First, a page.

REVIEW: Kubo and The Two Strings

A young boy loses his father.  A mother does everything to protect him.  He wants to get out from under her wing and understand who his Dad really was.  Oh yea, and lots and lots of magic.

Kubo and the Two Strings is far from a paint by numbers animated coming of age tale.  Sure, it has the hallmarks, especially the ‘kid suffers a tragic loss’ trope that kicks things off, but this film is really a study on how we deal with age and death. It’s refreshing because it doesn’t focus on religion, but doesn’t dismiss it either, I thought it left a lot of breathing room for the viewer to appreciate the message and still see it through the lens of our own world view on these matters. But Kubo must be watched with an appreciation for themes and metaphors, because if you try to take this film to literally, you won’t stop asking ‘what’s going on’ long enough to get the point.

The animation is quite good and I guess more importantly its unique.  Something that makes this a contender for best animated film is it s unique style and use of visual style to impart important plot themes and beats that are not entirely clear in the dialog alone.  The voice acting it solid and each character gets their own appropriate space to develop, especially of course Kubo.

The weakest part of the film is the villan, referred to as the Moon King and also its explained early on that he is Kubo’s Grandfather.  We don’t learn anything about him, or even see him, until the very very end.  The reveal is not something worth the wait, he is just another character on the screen.  If a superhero is only as good as his villian, then this is not a good match, however it doesn’t drag the film down.  The story stays with Kubo all the way and how he deals with and reacts to the challenges and losses in his live, and the final confrontation with the Moon King plays as just another challenge, some some ultimate battle that the movie has been building to (although it does tie up the story and its title cleanly).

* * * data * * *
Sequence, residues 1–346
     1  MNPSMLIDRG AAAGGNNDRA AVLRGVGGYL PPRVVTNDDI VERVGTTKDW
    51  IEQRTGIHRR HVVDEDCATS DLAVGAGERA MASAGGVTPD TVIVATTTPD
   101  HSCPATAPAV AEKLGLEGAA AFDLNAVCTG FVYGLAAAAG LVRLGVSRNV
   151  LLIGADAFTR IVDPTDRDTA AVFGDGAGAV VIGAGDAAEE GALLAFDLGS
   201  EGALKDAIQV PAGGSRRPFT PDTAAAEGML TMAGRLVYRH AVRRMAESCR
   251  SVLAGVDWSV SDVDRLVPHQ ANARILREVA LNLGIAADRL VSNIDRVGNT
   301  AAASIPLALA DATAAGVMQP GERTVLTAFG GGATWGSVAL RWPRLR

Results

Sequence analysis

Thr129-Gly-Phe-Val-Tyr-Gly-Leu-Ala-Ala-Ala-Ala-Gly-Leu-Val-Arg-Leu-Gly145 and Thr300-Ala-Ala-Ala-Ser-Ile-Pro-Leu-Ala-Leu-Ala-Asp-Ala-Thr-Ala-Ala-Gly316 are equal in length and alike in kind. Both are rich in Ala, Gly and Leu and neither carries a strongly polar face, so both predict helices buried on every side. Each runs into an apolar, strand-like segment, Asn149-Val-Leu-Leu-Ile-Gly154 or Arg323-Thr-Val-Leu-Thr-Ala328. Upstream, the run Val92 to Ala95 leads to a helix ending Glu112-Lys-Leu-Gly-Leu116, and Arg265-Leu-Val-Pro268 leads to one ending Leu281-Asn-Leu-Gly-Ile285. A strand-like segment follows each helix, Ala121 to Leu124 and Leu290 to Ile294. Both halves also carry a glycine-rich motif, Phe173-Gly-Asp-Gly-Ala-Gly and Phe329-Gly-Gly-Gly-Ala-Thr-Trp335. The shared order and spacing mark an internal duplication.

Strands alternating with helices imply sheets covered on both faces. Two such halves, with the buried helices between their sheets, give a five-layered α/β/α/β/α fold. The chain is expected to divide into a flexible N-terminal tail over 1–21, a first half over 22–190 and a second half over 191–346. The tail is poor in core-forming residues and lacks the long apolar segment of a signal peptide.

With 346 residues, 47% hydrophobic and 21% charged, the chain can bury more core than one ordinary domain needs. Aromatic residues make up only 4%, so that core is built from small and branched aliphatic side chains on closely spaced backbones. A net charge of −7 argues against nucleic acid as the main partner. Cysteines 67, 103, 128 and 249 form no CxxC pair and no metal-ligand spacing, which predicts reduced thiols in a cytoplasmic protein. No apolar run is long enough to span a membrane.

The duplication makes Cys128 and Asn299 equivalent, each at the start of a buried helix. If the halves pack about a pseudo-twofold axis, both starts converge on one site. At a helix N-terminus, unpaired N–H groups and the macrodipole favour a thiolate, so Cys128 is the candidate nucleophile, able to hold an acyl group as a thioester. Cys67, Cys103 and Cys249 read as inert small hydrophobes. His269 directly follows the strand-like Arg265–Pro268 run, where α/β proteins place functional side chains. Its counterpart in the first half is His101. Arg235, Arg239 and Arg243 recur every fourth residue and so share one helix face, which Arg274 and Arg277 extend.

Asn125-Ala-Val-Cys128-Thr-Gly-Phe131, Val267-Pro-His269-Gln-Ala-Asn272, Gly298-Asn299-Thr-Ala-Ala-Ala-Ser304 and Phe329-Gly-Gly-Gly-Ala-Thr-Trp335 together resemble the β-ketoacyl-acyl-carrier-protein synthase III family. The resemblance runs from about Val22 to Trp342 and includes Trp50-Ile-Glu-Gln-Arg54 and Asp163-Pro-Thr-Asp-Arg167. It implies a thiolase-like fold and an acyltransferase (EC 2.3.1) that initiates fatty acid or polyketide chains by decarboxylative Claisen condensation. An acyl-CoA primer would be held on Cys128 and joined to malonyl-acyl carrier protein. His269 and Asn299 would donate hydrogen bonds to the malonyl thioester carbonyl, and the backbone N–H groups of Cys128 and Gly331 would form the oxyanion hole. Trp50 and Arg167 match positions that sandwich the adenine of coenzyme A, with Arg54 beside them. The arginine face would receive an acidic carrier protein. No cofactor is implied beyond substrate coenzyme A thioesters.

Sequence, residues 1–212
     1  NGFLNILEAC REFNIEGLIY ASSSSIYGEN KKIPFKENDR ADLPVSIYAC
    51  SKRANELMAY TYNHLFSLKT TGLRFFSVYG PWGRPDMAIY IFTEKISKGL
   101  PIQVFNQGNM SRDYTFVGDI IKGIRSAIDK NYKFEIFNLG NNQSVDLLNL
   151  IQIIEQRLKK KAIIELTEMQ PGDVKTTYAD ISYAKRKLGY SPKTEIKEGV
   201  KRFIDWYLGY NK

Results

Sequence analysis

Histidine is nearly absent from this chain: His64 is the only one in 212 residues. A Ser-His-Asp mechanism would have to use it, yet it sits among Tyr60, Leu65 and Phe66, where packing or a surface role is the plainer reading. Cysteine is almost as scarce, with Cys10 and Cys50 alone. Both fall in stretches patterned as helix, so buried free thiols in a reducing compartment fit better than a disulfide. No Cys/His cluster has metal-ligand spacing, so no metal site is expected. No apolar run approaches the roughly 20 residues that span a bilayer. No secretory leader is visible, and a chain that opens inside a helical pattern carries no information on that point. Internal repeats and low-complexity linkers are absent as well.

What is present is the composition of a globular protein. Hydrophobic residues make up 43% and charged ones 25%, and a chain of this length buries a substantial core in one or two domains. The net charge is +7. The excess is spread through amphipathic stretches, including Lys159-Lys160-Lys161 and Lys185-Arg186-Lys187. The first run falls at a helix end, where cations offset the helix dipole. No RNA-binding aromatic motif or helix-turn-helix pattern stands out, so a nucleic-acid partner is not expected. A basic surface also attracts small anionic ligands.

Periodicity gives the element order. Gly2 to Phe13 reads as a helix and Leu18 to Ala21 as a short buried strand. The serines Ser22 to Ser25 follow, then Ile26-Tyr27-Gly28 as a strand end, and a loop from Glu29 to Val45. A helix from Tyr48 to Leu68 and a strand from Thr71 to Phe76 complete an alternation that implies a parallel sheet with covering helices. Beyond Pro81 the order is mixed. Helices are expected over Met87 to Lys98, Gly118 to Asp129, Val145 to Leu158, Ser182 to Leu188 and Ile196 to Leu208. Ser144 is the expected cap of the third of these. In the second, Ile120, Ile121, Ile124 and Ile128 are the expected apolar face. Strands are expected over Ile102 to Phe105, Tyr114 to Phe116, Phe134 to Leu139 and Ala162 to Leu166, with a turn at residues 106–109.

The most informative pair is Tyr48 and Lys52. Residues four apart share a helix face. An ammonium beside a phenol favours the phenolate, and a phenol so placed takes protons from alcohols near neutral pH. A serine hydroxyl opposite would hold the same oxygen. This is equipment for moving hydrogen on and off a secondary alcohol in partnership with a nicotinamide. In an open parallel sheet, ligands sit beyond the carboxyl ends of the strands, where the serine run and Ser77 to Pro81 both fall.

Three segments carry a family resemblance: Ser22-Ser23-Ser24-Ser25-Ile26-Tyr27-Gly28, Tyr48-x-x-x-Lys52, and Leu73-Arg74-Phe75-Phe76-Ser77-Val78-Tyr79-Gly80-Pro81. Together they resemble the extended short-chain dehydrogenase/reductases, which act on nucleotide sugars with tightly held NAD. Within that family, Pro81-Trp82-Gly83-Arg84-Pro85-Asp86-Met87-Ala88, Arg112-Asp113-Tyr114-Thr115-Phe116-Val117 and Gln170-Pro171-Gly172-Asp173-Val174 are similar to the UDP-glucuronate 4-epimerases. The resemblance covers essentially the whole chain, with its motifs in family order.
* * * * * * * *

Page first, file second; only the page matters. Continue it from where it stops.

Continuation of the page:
This is not a big movie, it actually feels like a very personal and intimate story.  The theme and metaphor point I made above is key, because there are times when you will be asking your self whether or not what you are watching is actually happening, is a dream sequence, or is some kind of out of body experience, but either way you know your are tightly connected to the plight of the lead. If you have ever lost a loved one, and struggled with understanding the ‘why’ behind that loss, this movie will resonate with you and probably leave you with a tear on your cheek.

I give Kubo and the Two Strings a B.  It was good, very good, but a few times I felt it lost the thread and for a story this personal and intimate, those couple of moments were important.  It is a visually beautiful, unique, and creative story that is well worth your time if you like animated movies.



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